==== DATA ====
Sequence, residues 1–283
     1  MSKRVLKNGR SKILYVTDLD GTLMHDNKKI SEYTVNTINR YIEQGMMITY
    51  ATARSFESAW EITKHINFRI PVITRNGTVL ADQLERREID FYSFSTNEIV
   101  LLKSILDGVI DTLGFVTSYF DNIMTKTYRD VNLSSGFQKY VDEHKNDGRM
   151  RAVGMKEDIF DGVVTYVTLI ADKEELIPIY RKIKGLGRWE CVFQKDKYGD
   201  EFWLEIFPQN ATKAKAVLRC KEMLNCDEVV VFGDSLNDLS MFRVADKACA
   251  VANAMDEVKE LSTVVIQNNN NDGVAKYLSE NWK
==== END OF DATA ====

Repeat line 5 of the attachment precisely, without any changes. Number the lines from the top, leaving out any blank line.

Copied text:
   151  RAVGMKEDIF DGVVTYVTLI ADKEELIPIY RKIKGLGRWE CVFQKDKYGD